Museo per la memoria di Ustica, Bologna, 2007
Softbound, 21 x 14 cm
20 pages, black and white photographs
Available upon request
List of personal items belonging to passengers on flight IH870
Il folle volo (The mad flight), Dante, Inferno, XXVI, 125, l’alto volo (the high flight) Dante, Paradiso XV, 54 and XXV, 50.
“Ladies and gentlemen. good evening. Brief communications about the flight from the cockpit…”
Boltanski, in this book that serves as a catalogue for the Museum for the memory of Ustica, reports the words that the passengers on the tragic journey must have heard, who with more attention, who chatting with their fellow passengers, just as we all do when we are on a scheduled flight.
At 8.59 p.m. on 27 June 1980, above the sea strip separating the Italian islands of Ponza and Ustica, 81 people died on flight IH870, which suddenly deconstructed and crashed into the Tyrrhenian Sea. Decades after the massacre, the dynamics of the accident are not fully understood.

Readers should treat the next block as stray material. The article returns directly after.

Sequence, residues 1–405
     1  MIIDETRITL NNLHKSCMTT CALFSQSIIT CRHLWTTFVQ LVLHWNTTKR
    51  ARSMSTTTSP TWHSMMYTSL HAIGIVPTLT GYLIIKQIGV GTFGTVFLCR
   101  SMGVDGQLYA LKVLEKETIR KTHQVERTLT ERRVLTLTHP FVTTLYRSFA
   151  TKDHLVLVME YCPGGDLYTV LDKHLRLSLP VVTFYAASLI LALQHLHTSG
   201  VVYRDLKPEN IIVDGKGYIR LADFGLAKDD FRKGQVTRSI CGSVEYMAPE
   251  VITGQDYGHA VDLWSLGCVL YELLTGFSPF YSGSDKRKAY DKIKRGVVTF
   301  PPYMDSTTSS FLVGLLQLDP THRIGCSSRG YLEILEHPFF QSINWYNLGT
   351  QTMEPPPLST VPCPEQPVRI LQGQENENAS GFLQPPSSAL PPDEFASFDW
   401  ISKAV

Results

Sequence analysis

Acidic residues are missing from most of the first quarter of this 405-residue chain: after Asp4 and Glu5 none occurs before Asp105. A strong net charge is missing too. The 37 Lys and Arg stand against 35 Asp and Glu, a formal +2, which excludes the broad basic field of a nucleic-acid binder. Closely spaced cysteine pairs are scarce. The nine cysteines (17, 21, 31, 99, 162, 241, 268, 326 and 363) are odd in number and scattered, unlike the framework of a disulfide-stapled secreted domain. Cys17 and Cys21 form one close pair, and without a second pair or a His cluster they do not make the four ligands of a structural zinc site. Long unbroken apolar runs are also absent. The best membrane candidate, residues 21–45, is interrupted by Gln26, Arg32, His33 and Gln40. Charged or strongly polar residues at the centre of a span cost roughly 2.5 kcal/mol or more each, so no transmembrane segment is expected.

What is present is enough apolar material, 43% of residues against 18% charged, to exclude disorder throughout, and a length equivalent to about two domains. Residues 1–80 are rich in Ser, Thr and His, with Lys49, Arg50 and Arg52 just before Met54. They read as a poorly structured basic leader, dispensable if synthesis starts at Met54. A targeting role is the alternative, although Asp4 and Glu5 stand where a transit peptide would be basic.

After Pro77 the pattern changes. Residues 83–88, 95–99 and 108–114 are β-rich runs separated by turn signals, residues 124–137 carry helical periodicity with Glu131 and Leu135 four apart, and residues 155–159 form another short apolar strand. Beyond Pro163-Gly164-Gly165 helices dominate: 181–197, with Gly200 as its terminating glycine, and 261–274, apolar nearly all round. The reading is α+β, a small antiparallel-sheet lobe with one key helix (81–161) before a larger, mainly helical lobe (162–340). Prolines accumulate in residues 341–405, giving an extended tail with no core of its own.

Boltanski, in order to tell us about this event, which still today stains Italian history, makes lists, his artistic signature, of all the objects found. This work of cataloguing records a passage that is not only of quantity – in the exhibition the objects are collected but left covered with black cloths, far from prying eyes – but above all of quality: how do you keep the memory not of illustrious biographies, but of mostly anonymous lives?
After the collective trauma of two world wars and the strabismus that afflicted Italy in the 1970s, and in the context of a civilization of mass consumption, where individual existences all resemble each other in their unbridled homologation, the accumulation, seriality and list of objects and images are transformed from inert containers into powerful means of expression.
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